The tale is told in the form of a diary from Amelia Whitmore, who in the latter part of the 19th Century mounts an expedition to explore the depths of the Bolton Strid, a body of water wreathed in mystery, a deceptively lovely place with hidden depths and murderous currents that never gave back the bodies of the unfortunates that dived in it.  Long ago Amelia’s grandfather Carlton found a strange woman on the banks of the Strid, with pale, glittering skin and no knowledge of the world, and named her Molly; after her death, he vowed to look for her family to tell them of what had happened, but was unable to, and now Amelia wants to fulfill that promise, and explore the mysteries of the Strid. What Amelia will find is beyond her wildest thoughts, and filled with terrible discoveries…

The tone of this story is an intriguing one because it uses a language and expressive mode that’s typical of the period in which the tale is set, something that reminded me of the sense of wonder of Jules Verne and the terror of the unknown from Lovecraft’s works: the latter is particularly true at the closing part of the story, when the ultimate truth hits like a scorpion’s sting.  Which is a typical Seanan McGuire’s ending…

 

My Rating:

Reviews

Short Story Review: KALEIDOSCOPE, by Silvia Moreno-Garcia

 

 

Click on the LINK to read the story online

 

Every time I read something written by Silvia Moreno-Garcia, be it a full novel or a shorter work, I am impressed by her skills as an author and even more by the range of narrative themes she employs: no two works have been the same so far, and this short story is no exception.

Kaleidoscope is a weird story – and I mean weird in the most complimentary sense, of course – one that clearly deals with the concept of parallel universes, or alternate realities, but does so in a way I never encountered before, through short sentences depicting the various incarnations of the same two people, through time and the different circumstances that keep bringing them together, or at least meeting fleetingly.

What makes this story even more exceptional is its brevity that nonetheless manages to convey so many layers, so many emotions – all of them either skirting or falling straight into the painful category, not unlike a sudden knife slash. And she makes that pain appear intriguing, which is something I can’t help marveling at.

If you have never read anything by this author, do yourself a favor and read this story, and if you enjoy Silvia Moreno-Garcia’s writing but don’t care much about shorter works, do yourself a favor and read this one. You will not regret it.

 

 

My Rating:

Reviews

Short Story Review: BLACK FRIDAY, by Alex Irvine

 

(click on the LINK to read the story online)

 

Try to imagine the combination of the Black Friday madness in a shopping mall with the Hunger Games and you might get an idea of what this short, brutal story is about.  In a twisted, bloody version of Thanksgiving celebration, family groups engage in battle inside a shopping mall to acquire desired goods and eventually the prizes that have been hidden like Easter eggs in various locations.

The story follows the Anderson family – calling themselves The Mugs – composed by father Caleb and three teenage children, respectively fifteen, fourteen and twelve years old, as they furtively enter the Greenleaf mall armed to the teeth, ready to claim their goals. It becomes immediately clear that this kind of event is followed by television networks all over the country, as drones follow the progress of the groups and newscasters comment with various degrees of excitement as they would for a sports match – with the hideous difference that in this case the match involves the wounding or killing of one’s opponents. That’s where the comparison with the Hunger Games comes to the fore in all its chilling evidence, especially when it illustrates the backing and publicity-seeking of many sponsors…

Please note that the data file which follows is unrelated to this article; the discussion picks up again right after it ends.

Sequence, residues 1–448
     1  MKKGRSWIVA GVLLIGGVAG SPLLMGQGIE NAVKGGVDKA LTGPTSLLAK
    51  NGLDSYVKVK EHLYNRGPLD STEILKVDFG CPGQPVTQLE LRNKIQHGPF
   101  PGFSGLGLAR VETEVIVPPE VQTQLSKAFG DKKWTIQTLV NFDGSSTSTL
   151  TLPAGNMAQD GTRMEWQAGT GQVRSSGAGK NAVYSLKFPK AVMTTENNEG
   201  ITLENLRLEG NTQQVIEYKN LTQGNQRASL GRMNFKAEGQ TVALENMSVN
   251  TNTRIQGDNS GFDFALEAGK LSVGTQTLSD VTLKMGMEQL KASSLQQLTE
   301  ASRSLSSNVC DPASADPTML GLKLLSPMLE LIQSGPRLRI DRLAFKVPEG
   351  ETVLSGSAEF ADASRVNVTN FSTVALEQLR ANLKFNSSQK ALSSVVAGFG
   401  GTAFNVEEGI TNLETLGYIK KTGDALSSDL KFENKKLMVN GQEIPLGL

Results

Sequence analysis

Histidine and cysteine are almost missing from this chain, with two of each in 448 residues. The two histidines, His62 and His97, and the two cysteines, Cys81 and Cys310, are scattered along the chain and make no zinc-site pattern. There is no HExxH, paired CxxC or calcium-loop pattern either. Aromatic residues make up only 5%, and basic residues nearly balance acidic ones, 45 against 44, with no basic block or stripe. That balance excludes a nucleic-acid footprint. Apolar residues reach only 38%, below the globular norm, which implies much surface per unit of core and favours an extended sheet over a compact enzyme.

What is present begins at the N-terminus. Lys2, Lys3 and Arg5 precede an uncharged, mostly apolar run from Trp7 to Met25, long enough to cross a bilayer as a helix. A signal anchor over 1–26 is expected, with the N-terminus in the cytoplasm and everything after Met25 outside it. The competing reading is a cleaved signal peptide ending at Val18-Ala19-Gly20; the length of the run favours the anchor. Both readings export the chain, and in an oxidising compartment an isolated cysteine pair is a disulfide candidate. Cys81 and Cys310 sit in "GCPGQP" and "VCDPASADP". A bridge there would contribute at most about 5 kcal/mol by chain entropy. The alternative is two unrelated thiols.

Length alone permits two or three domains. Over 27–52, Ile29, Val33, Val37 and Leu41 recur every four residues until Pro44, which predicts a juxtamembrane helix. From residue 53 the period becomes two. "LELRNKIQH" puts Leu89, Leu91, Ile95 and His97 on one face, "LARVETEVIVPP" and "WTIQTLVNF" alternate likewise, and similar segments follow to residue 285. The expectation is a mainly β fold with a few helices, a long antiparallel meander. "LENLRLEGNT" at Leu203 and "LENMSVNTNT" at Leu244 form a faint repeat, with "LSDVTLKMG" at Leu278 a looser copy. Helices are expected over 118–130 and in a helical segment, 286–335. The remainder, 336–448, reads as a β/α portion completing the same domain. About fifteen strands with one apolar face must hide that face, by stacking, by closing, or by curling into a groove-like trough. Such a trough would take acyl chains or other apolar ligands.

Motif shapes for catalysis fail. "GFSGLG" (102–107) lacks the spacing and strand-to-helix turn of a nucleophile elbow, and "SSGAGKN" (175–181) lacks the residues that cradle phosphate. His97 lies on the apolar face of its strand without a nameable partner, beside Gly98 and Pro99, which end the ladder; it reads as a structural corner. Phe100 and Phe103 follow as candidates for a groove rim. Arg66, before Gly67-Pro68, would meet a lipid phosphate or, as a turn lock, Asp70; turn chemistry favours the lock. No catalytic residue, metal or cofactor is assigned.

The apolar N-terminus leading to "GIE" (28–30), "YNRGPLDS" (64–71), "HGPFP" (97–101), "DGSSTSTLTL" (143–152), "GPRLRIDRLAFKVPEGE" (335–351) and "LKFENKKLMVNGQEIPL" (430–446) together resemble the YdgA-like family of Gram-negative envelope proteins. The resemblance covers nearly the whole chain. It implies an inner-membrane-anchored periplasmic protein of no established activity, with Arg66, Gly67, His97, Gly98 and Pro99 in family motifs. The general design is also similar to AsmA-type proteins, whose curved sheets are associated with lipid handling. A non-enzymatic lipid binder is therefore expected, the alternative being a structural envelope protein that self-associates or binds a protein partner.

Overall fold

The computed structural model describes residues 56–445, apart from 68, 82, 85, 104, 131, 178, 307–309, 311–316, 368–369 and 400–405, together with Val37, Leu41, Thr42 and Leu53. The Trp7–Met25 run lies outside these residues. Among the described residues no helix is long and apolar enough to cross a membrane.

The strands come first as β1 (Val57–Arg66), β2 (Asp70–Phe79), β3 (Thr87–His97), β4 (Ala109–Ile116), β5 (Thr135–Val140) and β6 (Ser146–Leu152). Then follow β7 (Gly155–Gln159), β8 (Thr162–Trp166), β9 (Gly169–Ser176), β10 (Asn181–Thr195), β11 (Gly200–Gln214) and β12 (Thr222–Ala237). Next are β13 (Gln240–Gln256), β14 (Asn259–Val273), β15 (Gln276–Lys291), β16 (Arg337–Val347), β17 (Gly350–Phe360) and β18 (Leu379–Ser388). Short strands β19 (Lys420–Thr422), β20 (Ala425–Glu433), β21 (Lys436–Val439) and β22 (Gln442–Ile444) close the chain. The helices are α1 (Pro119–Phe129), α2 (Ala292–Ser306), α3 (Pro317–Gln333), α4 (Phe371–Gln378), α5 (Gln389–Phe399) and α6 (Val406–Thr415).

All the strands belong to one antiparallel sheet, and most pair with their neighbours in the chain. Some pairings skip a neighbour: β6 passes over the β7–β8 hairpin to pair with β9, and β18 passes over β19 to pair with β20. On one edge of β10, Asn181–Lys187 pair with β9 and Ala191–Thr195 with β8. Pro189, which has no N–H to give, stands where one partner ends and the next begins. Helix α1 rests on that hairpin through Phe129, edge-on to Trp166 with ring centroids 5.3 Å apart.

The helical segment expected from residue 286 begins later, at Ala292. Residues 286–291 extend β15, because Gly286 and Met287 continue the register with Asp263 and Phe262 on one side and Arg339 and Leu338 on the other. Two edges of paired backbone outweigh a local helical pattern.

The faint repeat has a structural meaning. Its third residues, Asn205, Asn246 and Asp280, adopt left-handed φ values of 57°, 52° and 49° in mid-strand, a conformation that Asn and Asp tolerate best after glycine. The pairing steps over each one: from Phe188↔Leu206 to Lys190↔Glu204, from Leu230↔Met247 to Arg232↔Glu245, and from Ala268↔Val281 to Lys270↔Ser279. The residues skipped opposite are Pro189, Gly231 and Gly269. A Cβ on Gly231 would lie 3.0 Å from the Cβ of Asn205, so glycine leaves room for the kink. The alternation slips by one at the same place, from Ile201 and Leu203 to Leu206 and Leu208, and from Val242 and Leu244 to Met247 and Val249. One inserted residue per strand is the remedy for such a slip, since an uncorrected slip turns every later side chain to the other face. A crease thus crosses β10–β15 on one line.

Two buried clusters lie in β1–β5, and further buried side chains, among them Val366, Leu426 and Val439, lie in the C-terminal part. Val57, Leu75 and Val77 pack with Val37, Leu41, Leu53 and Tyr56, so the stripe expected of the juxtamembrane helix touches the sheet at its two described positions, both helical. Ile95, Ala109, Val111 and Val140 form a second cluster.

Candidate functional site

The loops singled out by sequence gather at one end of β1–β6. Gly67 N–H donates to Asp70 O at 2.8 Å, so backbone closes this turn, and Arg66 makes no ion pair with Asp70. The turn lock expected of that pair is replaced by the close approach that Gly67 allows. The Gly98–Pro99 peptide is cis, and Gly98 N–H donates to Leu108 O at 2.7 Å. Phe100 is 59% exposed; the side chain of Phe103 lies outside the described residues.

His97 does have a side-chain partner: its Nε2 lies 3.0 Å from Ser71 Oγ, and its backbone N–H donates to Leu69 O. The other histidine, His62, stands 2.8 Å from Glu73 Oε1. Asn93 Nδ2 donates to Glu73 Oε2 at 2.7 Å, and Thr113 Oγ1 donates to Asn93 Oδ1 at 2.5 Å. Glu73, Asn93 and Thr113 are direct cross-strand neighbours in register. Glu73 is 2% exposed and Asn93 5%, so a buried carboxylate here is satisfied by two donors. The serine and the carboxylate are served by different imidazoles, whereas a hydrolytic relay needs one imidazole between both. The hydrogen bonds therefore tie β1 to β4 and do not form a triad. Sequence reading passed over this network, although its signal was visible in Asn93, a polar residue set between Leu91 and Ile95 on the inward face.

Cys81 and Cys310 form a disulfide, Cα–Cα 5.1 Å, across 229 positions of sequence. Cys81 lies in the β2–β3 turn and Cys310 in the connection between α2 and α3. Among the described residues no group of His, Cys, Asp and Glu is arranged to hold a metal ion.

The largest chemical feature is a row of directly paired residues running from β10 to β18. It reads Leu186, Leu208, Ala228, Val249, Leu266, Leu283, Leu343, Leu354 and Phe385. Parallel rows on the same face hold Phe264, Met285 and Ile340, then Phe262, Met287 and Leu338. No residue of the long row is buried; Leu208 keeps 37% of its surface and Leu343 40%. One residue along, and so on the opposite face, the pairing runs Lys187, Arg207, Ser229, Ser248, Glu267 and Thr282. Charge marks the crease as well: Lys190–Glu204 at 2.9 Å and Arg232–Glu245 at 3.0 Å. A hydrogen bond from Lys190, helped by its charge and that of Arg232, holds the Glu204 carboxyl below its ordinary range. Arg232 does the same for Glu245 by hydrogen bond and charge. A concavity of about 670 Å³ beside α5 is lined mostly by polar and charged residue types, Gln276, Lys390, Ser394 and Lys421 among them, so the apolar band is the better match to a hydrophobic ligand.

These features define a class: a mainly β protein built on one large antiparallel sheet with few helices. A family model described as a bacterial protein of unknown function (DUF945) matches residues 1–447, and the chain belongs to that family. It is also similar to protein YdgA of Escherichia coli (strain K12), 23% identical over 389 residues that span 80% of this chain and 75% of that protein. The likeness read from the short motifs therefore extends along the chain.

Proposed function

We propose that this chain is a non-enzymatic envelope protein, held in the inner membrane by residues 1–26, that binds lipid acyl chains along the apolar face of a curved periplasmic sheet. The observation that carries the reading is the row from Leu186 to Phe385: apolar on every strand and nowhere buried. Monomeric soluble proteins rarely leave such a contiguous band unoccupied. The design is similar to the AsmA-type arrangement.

The competition is ruthless and savage, and the mention of rules to be followed seems more like lip service to a hazy idea of fairness than anything else: these people are there to get what they want and to do so are prepared to roll over the opposition with any means at their disposal, while no one seems interested in forcing adherence to those rules. At some point we learn that

 

The more predatory teams would be hunting for the wounded, aiming to finish them off under the pretext of checking items off their lists. This is known as vulturing.

 

showing that the actual goal is not so much the acquisition of a particular object but rather the vicious joy of destroying other lives: that young people, children, are involved in this, trained from an early age to kill without the slightest qualm, and to do it efficiently, makes this story all the more petrifying, especially at the unexpected turn of events in the end.

This is not an easy read, granted, but I wonder if it might not prove helpful in giving some much-needed context – and a chance for reflection – in the running debate about guns…

 

My Rating:

Reviews

Short Story Review: THE NEAREST, by Greg Egan

 

THE NEAREST

(click on the link to read the story online)

 

This is one of the most fascinating short stories that I can recall reading, and one that also represents a reviewing challenge, since I can’t talk about it in depth without fully revealing the intriguing core concept.  But I will try anyway…

Kate is a police detective and a new mother: she’s been back at work for two weeks and is still trying to settle again into the old routine when she receives a call about what looks like a murder/suicide case, in which a father and two daughters have been stabbed to death and the mother is missing. In the course of the investigation Kate discovers that the mother left the house with the family car, which she later abandoned, and from the retrieved GPS information she seems to have been moving erratically around the city; a few images from surveillance cameras reveal further indications of the woman’s weird behavior after the horrible murders perpetrated in the house.

Returning home after her busy day in search of clues for the woman’s whereabouts, Kate finds some comfort in the warmth and closeness of her small family, but it’s a very brief respite because when she wakes up the next morning she finds herself plunged straight into a nightmare, one where reality seems to have been changed overnight, with no logical explanations whatsoever.

Kate’s journey from that moment on is one that’s carried out on the razor-thin border between sanity and madness, because she – and with her the readers – is not certain whether what looks like madness is in her mind or in the behavior of the people surrounding her. And even once the mystery is solved – if it really is – the doubt remains, which is the most spellbinding element of the story.

Highly recommended.

 

My Rating: